Too often I’m emailing people back and forth over small-potato stuff. Last week it was over an hour explaining to someone the basics of Twitter. Hours were spent writing a pre-proposal proposal on another project. I spent a day writing a document no one read and instead just referenced a summary chart on the back. I’ve let myself get sucked into back-and-forth emails and phone calls on minor changes to do-nothing pages. Stuff like changing one piece of text from bold to red for no apparent reason.

All those changes and the back-and-forth nature causes us to miss items. Last week I sent an email campaign with a button that didn’t do anything. It was my fault, but it resulted from a silly change that required replicating it in four places. It was easy to miss, and I did.

Everyone, for the love of mercy: shut up and let us work. Real, substantive, issue-pushing work

I don’t hate explaining how to use Twitter to you. But you can Google that. But I also can’t send you a link because you’ll be offended if I do.

  • I installed Boomerang, a service that makes email more intelligent. It works well in Outlook (there’s also a mobile app and a Gmail version). You can pause your inbox, be reminded of emails, and schedule emails for the future.
  • I’m leaving Rescue Time on for a short while longer. I don’t like the privacy invasion, but the data is useful at least for a week or two.
  • I’m removing distractions where possible by leaving my phone and PC in do-not-disturb. If that sounds like it’s more detriment to your job than not, that’s your call to make. But most research from Newport’s studies shows no one notices or cares. The only benefit you have to gain is for yourself and your work.

The success of our business is predicated on our ability to deliver excellent work quickly. In conjunction with a transparent process (i.e., “Approve this copy once and then send it to me done”), this is achievable. And we can deliver better work that improves the bottom line for our clients.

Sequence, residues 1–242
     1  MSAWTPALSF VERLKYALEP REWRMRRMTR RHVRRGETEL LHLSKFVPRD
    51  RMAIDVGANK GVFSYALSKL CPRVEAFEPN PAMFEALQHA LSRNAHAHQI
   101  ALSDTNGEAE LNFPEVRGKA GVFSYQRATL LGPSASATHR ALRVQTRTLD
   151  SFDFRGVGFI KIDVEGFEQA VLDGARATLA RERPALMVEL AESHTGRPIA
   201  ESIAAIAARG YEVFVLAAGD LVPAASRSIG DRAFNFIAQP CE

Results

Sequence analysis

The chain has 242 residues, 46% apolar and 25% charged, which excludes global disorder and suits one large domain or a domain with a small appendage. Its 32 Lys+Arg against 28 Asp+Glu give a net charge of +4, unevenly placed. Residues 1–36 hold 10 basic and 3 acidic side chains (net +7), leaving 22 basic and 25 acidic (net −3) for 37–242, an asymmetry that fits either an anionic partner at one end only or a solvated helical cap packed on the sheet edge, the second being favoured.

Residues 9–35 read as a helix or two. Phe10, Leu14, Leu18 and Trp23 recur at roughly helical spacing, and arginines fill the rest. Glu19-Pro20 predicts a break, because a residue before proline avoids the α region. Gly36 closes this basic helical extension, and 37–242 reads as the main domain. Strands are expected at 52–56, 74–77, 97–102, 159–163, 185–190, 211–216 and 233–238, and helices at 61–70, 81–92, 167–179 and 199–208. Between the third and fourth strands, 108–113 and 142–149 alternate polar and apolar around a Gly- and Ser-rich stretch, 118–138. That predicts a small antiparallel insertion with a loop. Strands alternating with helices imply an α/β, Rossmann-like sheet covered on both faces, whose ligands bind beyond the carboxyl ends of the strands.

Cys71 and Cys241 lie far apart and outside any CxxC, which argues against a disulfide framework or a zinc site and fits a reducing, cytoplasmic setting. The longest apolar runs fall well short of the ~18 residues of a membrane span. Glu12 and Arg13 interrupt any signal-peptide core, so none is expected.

I literally want to spend more time thinking of ways to help clients make more money. I know if I can do that, we’ll make more money, too.

I’ve long prided myself on our fast response to email. I now realize this is like a guy priding himself on eating the most hot dogs at the county fair. Email is still the best way to communicate with us because everyone has to send us attachments eventually anyway. And it helps keep a record. But we’re reaching upper limits of sanity.

Phone calls have long been the bane of my existence. They’re rude and disruptive. I’ve hated them long enough that most people don’t bother calling much anymore. So let’s keep that going.

We’re also introducing more checklists into our work. Atul Gawande’s Checklist Manifesto outlines why: we’ve reached the point of too much knowledge in almost every field.

The amount of knowledge we have to apply is more than any human can remember. Surgeons and pilots swear by checklists because they save lives in situations where failure is not an option. If I had used our checklist last week I wouldn’t have missed that broken button in an email.

Doing better, problem-solving work

Instead of treating emails like hot potatoes I want to treat them as issues (mostly) deserving of complete finality. We have to stop feeling comforted by the busy-ness of just sending a bunch of junk around inboxes every day.

The ironic thing is much of my job is preparing things designed to get you to waste your time. Emails, Facebook posts, tweets, and glitzy graphics to make you stop and think about our clients. Ultimately, my effort goal is to figure out ways to move beyond the small stuff and do more wholesale, boundary-pushing work. I want to measure success by money and attention, not clicks and followers.

I can’t do that if we’re wallowing in the shallow puddle of emails and piddly phone calls.

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Photo of Justin Harter


Justin has been around the Internet long enough to remember when people started saying “content is king”.

He has worked for some of Indiana’s largest companies, state government, taught college-level courses, and about 1.1M people see his work every year.

You’ll probably see him around Indianapolis on a bicycle.